Response to High School by Jona Frank


By Zoë Gleitsman

Jona Frank’s book High School is a very thorough collection of beautiful color film photographs which encompasses all different sides of the classic suburban teenager. The typical American high school is usually thought of in terms of social group and standing: the geeks, the athletes, the freaks, the cheerleaders etc. Frank effectively shows members of every group one could possibly think of that is typically used to divide and classify kids of that age. The interesting thing about the way Frank shot these portraits, however, was how she managed to show the innate similarities among every kid in this age group, no matter their group or social standing. Each subject is shot in the same exact way. Frank uses a traditional portraiture approach, capturing each subject within a vertical frame, centering the subject, and making sure to include their whole body down to their knees. This is how almost every student is photographed, although some images include the subject’s feet. Because all the kids photographed are viewed from the same angle and from approximately the same distance, it is easier for the viewer to identify the very specific similarities among all the teenagers photographed.


Each subject has an obvious individual idea of how they want to be viewed by the world. In my experience of being a teenager, almost all kids my age like wearing their personalities. One clear example of this is shown by the photograph of the young girl wearing a shirt saying “BOYS ARE GREAT: EVERY GIRL SHOULD OWN ONE.” Because this is a very unique slogan for a t-shirt, it would make sense that every other aspect of the girl’s appearance is in someway unique and different, down to the pentagram necklace and the moon on her cheek. Even though every aspect of this look is very individual and different, the girl still seems to be seeking to fit into a certain mold. This want, or almost need, to fit in and be a part of a certain group is shown by every student Frank photographed. It’s very powerful that she managed to show this similarity through photographing kids whose appearances vary drastically.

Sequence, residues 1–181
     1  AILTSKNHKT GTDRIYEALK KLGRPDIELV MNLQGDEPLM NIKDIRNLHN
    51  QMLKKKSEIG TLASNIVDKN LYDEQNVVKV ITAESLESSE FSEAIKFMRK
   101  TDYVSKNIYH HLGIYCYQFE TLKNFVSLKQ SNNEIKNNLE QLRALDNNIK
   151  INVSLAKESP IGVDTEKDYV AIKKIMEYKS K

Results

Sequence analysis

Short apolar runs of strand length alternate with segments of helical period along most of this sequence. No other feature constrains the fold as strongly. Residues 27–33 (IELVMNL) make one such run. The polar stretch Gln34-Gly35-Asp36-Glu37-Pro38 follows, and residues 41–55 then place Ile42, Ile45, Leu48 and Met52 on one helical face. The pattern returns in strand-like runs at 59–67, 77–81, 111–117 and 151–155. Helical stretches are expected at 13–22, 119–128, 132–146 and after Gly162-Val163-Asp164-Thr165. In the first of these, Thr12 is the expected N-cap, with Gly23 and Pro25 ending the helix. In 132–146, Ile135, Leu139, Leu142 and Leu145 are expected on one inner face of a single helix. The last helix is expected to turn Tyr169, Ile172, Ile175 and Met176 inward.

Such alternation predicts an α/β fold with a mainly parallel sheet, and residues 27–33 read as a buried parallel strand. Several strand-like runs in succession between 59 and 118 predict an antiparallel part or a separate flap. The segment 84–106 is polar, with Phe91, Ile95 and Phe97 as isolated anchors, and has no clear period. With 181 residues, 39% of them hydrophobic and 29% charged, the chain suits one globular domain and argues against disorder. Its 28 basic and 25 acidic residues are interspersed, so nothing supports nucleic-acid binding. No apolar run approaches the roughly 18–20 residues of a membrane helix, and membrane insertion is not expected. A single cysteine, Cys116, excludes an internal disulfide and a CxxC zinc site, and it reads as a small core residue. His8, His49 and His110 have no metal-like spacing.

This type of teenager and high school environment is familiar to almost all American teenagers. I was never exposed to the typical suburban high school experience, as I attended high school at a small, alternative, public high school in lower Manhattan. I think this is why this book was so intriguing to me. The kids shown in this book fit into their molds and social groups a lot more than the kids I’m surrounded by. I think this is because suburban high schools tend to contain more of a strict hierarchy with more definite differences between social group. Even so, there’s still that need and want to at the same time fit in and be an individual that’s within every high school age kid.


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One Response to Response to High School by Jona Frank

  1. Elana Voigt says:

    Hi, I am the girl with the “star necklace” and braids.

    It’s interesting to me that you read me as wanting to fit in. The funny thing is, everything about what I am wearing and especially how I was in high school wasn’t so much about fitting in as it was about making the world a place I could fit. So the star necklace is actually a religious symbol, a pentagram, set in a waxing moon. The rainbow pentagram button is dually a LGBT pride and religious symbol. In fact as I recall every element of this outfit was chosen as a fuck you to anyone who wouldn’t take me exactly as I was: a queer pagan poly leather kid. I’ve always worn who I always on my sleeve, and known the people who were chased away weren’t worth it.

    Anyway, I thought you might find the actual motivations here interesting.


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